Thomas M. Ticich
Velma Davis Grayson Chair of Chemistry
and Chair of the Department
B.S., Cook College, Rutgers University, 1982
Ph.D., University of Wisconsin, 1988
My research interests span several areas in laser spectroscopy and materials science. I have used lasers to study high energy vibrational states of dioxetanes and to monitor the presence of the nanoparticles that comprise soot by heating them with a laser to incandescence. I have also explored the techniques of cavity ring-down spectroscopy and laser-induced breakdown spectroscopy to monitor various species in trace amounts. Another interest is synthesizing carbon nanotubes in flames and other environments. These structures, which have diameters of a few to tens of nanometers, have a number of unique properties (high current carrying capacity and tensile strength) that make them desirable for many applications in nanotechnology. I have also used a technique called electrospinning to create nanofibers of polymers or metal oxides suitable for sensor technology. I am currently working on a major revision of the general chemistry curriculum supported by a grant from the Board of Regents. My goals are to develop a new laboratory program that emphasizes current applications of chemistry and to refocus the course around structure and reactivity with the aid of molecular modeling software.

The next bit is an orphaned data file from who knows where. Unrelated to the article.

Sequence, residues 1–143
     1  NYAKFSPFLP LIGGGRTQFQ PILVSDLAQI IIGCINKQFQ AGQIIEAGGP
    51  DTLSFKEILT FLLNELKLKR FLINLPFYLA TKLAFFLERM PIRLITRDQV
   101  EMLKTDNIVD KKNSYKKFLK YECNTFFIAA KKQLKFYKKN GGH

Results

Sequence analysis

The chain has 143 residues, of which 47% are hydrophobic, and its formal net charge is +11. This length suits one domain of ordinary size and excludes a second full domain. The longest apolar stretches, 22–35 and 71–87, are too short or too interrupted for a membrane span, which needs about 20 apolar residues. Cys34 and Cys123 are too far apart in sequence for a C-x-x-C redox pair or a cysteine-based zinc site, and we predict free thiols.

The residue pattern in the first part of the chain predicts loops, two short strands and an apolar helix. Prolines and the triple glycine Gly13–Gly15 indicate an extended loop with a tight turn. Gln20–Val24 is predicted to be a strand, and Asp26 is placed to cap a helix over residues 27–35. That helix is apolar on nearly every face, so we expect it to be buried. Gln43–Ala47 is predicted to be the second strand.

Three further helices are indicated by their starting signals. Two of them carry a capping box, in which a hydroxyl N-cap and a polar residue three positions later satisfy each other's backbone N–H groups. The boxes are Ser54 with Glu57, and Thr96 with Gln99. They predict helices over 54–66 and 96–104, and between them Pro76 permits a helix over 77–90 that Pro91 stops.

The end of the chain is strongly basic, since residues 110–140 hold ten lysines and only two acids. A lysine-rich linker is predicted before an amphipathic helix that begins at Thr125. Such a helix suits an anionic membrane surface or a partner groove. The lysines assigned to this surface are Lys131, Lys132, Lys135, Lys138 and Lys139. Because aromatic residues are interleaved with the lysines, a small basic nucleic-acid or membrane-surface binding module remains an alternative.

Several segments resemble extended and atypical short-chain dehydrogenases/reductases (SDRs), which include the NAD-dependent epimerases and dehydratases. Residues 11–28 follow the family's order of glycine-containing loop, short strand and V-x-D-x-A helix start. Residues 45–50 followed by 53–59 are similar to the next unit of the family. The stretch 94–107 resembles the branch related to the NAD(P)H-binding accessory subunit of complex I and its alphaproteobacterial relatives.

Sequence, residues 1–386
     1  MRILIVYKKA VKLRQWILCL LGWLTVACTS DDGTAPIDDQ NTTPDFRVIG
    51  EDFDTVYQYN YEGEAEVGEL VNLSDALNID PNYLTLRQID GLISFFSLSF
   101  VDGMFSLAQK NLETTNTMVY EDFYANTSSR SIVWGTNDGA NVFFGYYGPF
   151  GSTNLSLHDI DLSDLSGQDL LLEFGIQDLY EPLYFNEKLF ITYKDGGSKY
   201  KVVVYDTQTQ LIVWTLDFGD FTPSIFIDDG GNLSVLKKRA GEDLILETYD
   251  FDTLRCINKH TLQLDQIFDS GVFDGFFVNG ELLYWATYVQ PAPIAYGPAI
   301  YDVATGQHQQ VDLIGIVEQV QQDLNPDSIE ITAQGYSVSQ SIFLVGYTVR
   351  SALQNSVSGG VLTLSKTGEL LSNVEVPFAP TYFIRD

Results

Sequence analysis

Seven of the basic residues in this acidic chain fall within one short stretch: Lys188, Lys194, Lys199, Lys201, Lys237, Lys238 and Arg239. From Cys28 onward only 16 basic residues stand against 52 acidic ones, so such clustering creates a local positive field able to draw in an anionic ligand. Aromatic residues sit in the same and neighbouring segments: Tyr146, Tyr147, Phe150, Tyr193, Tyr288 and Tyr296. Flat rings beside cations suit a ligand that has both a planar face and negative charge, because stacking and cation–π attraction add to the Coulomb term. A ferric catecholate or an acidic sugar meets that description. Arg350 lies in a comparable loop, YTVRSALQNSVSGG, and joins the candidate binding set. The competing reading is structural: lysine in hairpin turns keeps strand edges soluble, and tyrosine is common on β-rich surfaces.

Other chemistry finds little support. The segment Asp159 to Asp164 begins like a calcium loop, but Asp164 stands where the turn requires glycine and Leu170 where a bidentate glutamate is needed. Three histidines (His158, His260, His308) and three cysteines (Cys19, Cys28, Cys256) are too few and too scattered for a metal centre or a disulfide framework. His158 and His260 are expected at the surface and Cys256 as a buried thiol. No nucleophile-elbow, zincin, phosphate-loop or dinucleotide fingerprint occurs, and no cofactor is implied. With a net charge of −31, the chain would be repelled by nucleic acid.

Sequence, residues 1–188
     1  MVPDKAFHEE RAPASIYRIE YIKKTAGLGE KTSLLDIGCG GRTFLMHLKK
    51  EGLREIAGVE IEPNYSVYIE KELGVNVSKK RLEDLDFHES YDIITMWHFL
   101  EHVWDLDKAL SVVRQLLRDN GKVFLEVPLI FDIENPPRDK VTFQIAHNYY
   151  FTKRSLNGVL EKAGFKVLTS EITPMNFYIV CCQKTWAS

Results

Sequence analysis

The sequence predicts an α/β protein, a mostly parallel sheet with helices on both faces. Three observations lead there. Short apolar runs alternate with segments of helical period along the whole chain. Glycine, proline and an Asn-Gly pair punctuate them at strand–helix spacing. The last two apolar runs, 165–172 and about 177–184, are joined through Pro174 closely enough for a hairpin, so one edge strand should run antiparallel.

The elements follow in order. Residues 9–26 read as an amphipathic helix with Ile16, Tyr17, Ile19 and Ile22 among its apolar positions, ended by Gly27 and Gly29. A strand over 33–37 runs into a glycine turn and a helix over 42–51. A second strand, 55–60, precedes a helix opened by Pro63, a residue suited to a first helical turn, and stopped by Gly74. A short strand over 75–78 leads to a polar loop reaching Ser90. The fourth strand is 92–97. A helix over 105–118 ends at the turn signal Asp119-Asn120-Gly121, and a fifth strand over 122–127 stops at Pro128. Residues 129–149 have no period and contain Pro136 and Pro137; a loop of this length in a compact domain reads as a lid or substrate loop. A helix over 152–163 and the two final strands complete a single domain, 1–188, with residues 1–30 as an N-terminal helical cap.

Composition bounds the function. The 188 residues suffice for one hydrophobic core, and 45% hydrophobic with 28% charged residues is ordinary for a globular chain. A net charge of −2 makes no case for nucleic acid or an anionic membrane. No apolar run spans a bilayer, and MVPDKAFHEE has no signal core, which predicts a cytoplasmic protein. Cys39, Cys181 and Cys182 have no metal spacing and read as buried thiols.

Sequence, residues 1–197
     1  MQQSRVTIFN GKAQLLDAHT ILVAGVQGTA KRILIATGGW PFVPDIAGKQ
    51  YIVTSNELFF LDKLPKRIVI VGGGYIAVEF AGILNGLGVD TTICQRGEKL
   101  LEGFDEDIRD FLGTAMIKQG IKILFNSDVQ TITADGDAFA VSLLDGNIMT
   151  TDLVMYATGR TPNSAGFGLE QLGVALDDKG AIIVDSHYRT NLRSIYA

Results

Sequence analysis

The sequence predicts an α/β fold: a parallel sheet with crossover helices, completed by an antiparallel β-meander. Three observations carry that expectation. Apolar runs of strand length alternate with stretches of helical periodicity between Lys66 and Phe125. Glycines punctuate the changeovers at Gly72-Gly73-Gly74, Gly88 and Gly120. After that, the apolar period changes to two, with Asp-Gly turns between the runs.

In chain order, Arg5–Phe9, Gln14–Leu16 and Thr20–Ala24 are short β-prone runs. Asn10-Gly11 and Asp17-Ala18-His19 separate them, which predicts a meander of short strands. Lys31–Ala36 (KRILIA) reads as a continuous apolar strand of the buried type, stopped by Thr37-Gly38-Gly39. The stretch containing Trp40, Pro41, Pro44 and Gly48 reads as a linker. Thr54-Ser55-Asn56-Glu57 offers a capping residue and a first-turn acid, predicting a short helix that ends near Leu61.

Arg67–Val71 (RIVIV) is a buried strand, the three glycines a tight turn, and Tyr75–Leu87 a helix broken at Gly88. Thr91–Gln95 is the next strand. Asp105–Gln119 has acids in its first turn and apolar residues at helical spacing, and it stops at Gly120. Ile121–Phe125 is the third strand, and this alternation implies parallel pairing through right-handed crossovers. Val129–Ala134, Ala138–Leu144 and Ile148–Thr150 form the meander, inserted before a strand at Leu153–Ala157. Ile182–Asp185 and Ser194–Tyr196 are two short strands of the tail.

In addition to my teaching and research pursuits, I serve as advisor to the Chemistry Club.
My passion outside of science is music. I am a classical accordionist and enjoy preparing and performing pieces from its literature and those adapted from other instruments. I also sing in the contemporary liturgical ensemble at my church. I live with a feisty cat named Tammy given to me by a former student.